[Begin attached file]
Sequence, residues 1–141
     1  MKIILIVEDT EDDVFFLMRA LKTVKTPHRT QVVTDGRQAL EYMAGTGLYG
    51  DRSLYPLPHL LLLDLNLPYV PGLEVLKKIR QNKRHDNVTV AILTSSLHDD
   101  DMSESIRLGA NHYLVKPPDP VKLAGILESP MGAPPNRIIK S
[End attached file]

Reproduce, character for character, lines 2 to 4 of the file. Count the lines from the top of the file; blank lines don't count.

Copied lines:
     1  MKIILIVEDT EDDVFFLMRA LKTVKTPHRT QVVTDGRQAL EYMAGTGLYG
    51  DRSLYPLPHL LLLDLNLPYV PGLEVLKKIR QNKRHDNVTV AILTSSLHDD
   101  DMSESIRLGA NHYLVKPPDP VKLAGILESP MGAPPNRIIK S